1. I have a no contact order from the criminal case. Is that the same as the Order of Protection? No. A "no contact" order is given as a condition of the bond that the judge gives. It only lasts from the time the person is released from jail until the time of their criminal trial (this can occur in less than 30 days in some cases). It is usually written on the bond sheet. The "no contact" order is not entered into any criminal database like an Order of Protection. The only way for a "no contact" order to be enforced is for the victim of the crime to report if it has been violated and then ask the judge to have the abuser's bond revoked. This does not happen very often.
2. Does it cost anything to file for an Order of Protection? No. Filing the paperwork is free. The Sheriff's Office will also serve the paperwork on the Respondent for free.
3. Do I have to file a police report to obtain an Order of Protection? No. You can be granted an Order of Protection even if you have not called the police. However, it is usually a good idea to call the police if you have been a victim of crime or if you need protection. If you file a police report about the abuse, you will usually be assigned a victim's advocate who can help explain the Order of Protection process.
4. What if I have an ongoing divorce/separation case? If you already have an ongoing case and need an Order of Protection, you will need to file a Motion for Further Relief in that case. If you have an attorney for that case, you should talk to him/her about your situation and tell them that you need protection. If you don't have an attorney for your divorce or separation, you can access the form for the motion on the Court's website: www.sccourts.org/forms
5. What if I don't know the Respondent's social security number or address? If you do not know the SSN, you can leave this part blank. You will have to provide an address for the Respondent so that the Sheriff's Office can serve him/her with the paperwork. If you do not have their address, you may be able to serve them at a family member's residence, place of employment, or other location. If you do not have an address at all, the Court will not be able to go forward with the hearing.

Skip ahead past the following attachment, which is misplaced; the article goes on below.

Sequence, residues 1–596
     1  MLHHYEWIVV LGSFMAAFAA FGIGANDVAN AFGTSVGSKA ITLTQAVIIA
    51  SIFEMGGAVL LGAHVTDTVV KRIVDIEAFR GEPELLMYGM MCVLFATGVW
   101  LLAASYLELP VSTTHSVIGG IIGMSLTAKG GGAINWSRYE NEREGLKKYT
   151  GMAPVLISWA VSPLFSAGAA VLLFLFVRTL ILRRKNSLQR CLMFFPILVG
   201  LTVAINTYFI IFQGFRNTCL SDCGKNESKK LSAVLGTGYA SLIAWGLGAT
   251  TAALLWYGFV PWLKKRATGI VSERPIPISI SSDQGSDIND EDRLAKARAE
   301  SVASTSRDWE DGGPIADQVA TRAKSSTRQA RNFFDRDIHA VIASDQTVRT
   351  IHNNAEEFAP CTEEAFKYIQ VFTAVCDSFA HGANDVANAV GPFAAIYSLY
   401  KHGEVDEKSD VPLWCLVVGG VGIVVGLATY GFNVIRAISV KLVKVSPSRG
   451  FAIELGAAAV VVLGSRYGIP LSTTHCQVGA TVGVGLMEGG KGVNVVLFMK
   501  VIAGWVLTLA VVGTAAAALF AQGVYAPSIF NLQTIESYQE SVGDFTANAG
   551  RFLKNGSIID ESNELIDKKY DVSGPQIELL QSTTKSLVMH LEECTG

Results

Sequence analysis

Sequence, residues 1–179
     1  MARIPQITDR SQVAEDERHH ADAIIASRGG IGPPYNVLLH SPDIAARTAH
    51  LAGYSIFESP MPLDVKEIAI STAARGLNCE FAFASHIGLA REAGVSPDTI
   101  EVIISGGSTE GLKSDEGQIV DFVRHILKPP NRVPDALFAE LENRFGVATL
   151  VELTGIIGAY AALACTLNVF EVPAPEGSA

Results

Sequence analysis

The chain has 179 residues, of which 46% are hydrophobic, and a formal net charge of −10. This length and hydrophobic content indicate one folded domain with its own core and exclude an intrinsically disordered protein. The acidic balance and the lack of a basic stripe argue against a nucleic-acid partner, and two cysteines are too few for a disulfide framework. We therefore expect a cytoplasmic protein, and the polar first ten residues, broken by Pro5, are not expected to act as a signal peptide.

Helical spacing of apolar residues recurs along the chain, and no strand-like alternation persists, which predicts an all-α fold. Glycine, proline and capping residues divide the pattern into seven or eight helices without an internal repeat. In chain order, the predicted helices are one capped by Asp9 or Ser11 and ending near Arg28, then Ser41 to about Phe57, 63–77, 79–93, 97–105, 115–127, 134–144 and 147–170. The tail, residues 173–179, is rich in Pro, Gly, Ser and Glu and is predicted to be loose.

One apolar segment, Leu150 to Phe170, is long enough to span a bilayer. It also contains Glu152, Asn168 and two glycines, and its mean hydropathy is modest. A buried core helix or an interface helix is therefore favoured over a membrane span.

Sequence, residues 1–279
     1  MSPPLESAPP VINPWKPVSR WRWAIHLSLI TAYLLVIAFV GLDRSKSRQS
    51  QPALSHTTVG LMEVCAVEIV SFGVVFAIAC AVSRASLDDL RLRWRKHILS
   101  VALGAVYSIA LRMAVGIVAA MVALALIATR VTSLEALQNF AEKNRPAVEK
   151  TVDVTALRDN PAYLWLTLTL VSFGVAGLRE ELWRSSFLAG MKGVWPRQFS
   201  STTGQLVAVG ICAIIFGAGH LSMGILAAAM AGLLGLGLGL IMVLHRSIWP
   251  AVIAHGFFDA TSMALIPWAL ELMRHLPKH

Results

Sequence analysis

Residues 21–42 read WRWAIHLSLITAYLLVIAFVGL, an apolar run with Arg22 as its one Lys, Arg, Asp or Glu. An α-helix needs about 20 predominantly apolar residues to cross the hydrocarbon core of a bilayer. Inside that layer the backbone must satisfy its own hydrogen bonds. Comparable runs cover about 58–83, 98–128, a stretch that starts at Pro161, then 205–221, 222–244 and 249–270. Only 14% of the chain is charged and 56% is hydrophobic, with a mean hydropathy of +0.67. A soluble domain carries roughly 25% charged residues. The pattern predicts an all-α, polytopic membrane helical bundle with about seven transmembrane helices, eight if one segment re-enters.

6. Do I have to come to the court hearing to get the Order of Protection? Yes. If you do not come on time for the scheduled hearing, your case will be dismissed. If something has happened so that you can't come or you are going to be late, you will need to call the clerk's office immediately and ask for a contiunance.
7. Can I bring my child with me to court? Not usually. Most judges do not allow children to be present for court. They may ask you to remove your child from the courthouse if you bring them. Some judges may allow you to bring your child in as a witness to the abuse if they are old enough to know about court and could explain what happened. It is up to the judge in each case to make that decision.
8. I am planning on moving out of state--will my Order still be effective? Yes. Your Order of Protection will be effective inside the United States. You can file for a new Order of Protection in the other state if something else happens while you are there. You may also want to register your Order of Protection with the Clerk of Court in that state.
9. I was served with papers by the Respondent after court--what do I need to do? If you have been served with court papers (e.g. divorce, separation, custody), you only have thirty (30) days to respoond. There may also be a court hearing scheduled. You should speak with an attorney right away to make sure your rights are protected.
10. I received my Order of Protection. Can I contact the Respondent if the Order isn't mutual? If you have been granted an Order of Protection which states that the only person restrained is the Respondent, then you could not technically be in violation of the Order. BUT-you should not contact the Respondent in any way. If you begin contacting the Respondent or allowing the Respondent to contact you, this may lead to further unwanted contact by someone who has abused you and may take the opportunity to abuse you further. In some cases, police and judges can be hesitant to enforce the Order of Protection if you have allowed ongoing contact.